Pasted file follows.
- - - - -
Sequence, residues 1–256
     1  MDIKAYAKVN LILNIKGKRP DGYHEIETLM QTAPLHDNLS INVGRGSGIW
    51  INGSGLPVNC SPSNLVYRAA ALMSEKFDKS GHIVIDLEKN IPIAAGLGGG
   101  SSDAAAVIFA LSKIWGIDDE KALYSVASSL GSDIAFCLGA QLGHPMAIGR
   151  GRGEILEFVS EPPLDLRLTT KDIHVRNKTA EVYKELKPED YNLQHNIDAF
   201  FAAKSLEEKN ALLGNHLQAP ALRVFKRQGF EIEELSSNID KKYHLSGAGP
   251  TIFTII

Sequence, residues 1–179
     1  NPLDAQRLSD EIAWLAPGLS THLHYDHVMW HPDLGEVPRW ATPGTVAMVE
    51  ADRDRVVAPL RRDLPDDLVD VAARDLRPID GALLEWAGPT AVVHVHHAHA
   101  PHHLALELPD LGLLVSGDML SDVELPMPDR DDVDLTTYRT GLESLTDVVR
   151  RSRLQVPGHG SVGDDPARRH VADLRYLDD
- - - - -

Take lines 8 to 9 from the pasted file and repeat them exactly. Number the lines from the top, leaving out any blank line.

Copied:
Sequence, residues 1–179
     1  NPLDAQRLSD EIAWLAPGLS THLHYDHVMW HPDLGEVPRW ATPGTVAMVE